How long to take it for
Continue taking your medicine for as long as your doctor tells you.
Your doctor will monitor your treatment to make sure the medicine is working and to prevent unwanted side effects.
If you forget to take it
If it is almost time for your next dose, skip the dose you missed and take your next dose when you are meant to.
Otherwise, take it as soon as you remember, and then go back to taking your medicine as you would normally.
Do not take a double dose to make up for the dose that you missed. This may increase the chance of you experiencing side effects.
If you are not sure what to do, ask your doctor or pharmacist.
If you have trouble remembering to take your medicine, ask your pharmacist for some hints.
If you take too much (overdose)
Immediately telephone your doctor or the Poisons Information Centre (telephone 13 11 26) for advice, or go to Accident and Emergency at the nearest hospital, if you think that you or anyone else may have taken too much of this medicine. Do this even if there are no signs of discomfort or poisoning.
You may need urgent medical attention.
If you take too much diclofenac, you may experience vomiting, diarrhoea, bleeding from the stomach or bowel, dizziness, ringing in the ears and/or convulsions (fits).
While you are taking this medicine
Things you must do
If you are going to be started on any new medicine, remind your doctor and pharmacist that you are taking this medicine.
Tell any other doctors, dentists, and pharmacists who treat you that you are taking diclofenac.
If you are going to have surgery, tell the surgeon or anaesthetist that you are taking this medicine. It may affect other medicines used during surgery.
If you become pregnant while taking this medicine, tell your doctor immediately.
If you are about to have any blood tests, tell your doctor that you are taking this medicine. It may interfere with the results of some tests.
Keep all of your doctor's appointments so that your progress can be checked. Your doctor will monitor your treatment to make sure the medicine is working and to prevent unwanted side effects.
Things you must not do
Do not give this medicine to anyone else, even if their symptoms seem similar to yours.
Do not take your medicine to treat any other complaints unless your doctor tells you to.
Do not stop taking your medicine, or change the dosage, without checking with your doctor.
Things to be careful of
Be careful while driving or operating machinery until you know how diclofenac affects you.
Diclofenac may cause dizziness or light-headedness in some people.
Possible side effects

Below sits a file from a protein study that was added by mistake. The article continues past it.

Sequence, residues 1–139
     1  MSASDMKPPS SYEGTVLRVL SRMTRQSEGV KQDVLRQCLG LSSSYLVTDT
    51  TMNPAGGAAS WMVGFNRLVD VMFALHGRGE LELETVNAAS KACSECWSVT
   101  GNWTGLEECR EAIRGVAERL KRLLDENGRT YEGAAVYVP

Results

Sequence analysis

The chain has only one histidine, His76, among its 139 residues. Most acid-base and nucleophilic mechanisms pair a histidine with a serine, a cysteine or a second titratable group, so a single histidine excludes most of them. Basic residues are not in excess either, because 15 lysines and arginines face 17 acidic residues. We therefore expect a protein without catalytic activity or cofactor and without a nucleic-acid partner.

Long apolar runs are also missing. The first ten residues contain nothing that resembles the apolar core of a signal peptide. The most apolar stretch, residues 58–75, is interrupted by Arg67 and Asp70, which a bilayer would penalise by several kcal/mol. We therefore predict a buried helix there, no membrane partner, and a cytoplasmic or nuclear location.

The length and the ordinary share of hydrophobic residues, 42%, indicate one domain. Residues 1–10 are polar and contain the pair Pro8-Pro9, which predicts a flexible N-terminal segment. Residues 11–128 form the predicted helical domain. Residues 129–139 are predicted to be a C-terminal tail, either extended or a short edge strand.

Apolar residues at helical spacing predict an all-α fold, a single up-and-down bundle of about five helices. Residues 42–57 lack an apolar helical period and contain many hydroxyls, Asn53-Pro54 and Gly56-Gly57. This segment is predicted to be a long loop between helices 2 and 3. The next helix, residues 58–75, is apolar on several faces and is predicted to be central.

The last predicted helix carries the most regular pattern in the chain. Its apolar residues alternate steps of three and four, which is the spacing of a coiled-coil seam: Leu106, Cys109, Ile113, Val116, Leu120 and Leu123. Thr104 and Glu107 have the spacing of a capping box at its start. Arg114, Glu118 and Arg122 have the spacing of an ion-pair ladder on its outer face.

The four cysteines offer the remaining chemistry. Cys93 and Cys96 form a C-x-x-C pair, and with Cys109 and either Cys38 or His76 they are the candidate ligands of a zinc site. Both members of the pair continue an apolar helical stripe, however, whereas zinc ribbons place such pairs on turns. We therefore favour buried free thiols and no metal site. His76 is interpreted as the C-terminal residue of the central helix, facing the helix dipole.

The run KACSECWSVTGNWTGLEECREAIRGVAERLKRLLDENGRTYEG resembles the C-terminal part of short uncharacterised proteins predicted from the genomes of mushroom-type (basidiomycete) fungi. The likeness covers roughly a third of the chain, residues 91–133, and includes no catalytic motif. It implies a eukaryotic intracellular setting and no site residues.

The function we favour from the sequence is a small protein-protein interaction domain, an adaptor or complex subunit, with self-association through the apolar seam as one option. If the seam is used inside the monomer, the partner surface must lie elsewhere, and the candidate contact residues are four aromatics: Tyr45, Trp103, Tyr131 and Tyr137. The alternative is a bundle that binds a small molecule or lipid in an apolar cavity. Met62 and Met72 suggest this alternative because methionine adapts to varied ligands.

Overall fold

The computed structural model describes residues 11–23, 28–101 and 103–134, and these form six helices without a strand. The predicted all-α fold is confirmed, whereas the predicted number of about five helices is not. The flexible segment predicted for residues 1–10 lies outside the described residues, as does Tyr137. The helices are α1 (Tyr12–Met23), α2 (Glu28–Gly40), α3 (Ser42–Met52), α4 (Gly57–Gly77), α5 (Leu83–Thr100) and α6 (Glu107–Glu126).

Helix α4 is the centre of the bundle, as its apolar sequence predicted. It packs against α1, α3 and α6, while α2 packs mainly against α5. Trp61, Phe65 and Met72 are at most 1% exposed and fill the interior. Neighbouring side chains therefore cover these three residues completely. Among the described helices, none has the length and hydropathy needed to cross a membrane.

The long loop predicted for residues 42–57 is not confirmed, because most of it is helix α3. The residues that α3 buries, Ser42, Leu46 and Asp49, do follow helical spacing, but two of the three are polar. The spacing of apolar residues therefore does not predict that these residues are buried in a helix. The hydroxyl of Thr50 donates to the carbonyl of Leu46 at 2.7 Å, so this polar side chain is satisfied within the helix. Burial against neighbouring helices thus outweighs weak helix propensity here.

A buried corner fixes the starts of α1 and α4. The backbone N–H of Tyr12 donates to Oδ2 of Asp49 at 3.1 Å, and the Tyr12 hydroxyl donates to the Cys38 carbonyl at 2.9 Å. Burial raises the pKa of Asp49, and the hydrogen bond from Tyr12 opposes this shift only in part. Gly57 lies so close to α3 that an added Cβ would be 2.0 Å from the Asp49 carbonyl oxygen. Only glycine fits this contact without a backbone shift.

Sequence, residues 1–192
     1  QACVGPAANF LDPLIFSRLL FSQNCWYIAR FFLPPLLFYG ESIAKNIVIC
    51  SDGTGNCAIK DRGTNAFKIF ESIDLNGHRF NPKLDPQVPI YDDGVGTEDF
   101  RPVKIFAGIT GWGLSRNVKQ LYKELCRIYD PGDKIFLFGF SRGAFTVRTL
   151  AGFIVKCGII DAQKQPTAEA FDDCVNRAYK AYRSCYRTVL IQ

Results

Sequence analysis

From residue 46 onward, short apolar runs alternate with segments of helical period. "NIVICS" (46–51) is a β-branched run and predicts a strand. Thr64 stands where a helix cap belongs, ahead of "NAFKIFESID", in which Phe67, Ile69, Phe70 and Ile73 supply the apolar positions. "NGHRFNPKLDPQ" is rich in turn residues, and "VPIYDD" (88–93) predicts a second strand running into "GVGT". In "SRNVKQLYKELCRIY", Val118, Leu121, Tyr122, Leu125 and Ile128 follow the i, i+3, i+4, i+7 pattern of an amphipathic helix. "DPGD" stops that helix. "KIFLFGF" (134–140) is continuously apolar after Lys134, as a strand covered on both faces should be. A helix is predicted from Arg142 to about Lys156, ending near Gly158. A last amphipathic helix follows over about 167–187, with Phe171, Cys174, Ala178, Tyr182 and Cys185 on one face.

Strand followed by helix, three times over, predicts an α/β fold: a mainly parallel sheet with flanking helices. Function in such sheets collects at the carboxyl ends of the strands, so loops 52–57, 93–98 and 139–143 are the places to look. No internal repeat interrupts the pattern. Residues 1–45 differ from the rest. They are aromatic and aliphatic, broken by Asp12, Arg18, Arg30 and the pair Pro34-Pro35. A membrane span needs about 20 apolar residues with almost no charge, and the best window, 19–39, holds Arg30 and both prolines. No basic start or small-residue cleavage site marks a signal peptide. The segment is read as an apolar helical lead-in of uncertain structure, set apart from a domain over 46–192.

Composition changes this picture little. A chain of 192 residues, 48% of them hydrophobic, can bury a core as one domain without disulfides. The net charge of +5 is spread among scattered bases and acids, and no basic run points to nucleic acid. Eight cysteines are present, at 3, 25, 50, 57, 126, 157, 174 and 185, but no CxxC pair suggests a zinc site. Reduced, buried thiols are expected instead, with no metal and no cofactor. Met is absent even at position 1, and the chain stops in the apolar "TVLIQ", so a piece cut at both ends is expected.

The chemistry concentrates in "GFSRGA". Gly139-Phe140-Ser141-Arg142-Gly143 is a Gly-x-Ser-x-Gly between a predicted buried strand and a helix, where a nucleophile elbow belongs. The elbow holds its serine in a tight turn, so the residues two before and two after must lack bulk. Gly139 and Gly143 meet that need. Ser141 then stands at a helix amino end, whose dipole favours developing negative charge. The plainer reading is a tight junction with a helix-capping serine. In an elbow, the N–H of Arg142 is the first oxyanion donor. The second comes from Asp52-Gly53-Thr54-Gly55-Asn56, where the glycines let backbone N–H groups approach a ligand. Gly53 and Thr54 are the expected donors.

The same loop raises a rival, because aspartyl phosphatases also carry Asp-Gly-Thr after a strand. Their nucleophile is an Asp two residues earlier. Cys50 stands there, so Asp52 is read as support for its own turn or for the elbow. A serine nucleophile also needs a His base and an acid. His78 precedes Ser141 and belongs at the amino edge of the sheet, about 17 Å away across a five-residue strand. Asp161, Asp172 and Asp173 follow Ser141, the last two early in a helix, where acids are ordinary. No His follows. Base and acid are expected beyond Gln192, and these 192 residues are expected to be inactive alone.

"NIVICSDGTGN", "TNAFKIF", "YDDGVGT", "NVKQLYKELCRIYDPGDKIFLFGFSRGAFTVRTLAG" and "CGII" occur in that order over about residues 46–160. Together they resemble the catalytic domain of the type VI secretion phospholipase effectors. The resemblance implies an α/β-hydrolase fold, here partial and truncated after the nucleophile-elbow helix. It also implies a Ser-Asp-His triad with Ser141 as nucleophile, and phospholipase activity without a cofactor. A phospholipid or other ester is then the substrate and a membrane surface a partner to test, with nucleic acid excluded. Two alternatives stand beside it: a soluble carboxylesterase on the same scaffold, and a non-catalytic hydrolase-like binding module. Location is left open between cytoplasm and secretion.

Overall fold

Tell your doctor or pharmacist as soon as possible if you do not feel well while you are taking diclofenac.
This medicine helps most people, but it may have unwanted side effects in a few people. All medicines can have side effects. Sometimes they are serious, most of the time they are not. You may need medical attention if you get some of the side effects.
If you are over 65 years of age you may have an increased chance of getting side effects.
Do not be alarmed by the following lists of side effects. You may not experience any of them.
Ask your doctor or pharmacist to answer any questions you may have.
Tell your doctor or pharmacist if you notice any of the following and they worry you:
- stomach upset including nausea, vomiting, indigestion, cramps, loss of appetite, wind
- heartburn or pain behind or below the breastbone (possible symptoms of an ulcer in the tube that carries food from the throat to the stomach)
- constipation, diarrhoea
- sore mouth or tongue
- altered taste sensation
- giddiness (vertigo) or dizziness
- skin rashes or itching
- hair loss or thinning
The above list includes the more common side effects. They are usually mild and short-lived.
Tell your doctor as soon as possible if you notice any of the following:
- drowsiness, disorientation, forgetfulness
- feeling depressed, anxious or irritable
- strange or disturbing thoughts or moods
- shakiness, sleeplessness, nightmares
- tingling or numbness of the hands or feet
- feeling of fast and irregular heartbeat
- sharp pains in your abdomen
- unusual weight gain or swelling of arms, hands, feet, ankles or legs due to fluid build-up
- symptoms of sunburn (such as redness, itching, swelling, blistering of the lips, eyes, mouth and/or skin) that happen more quickly than usual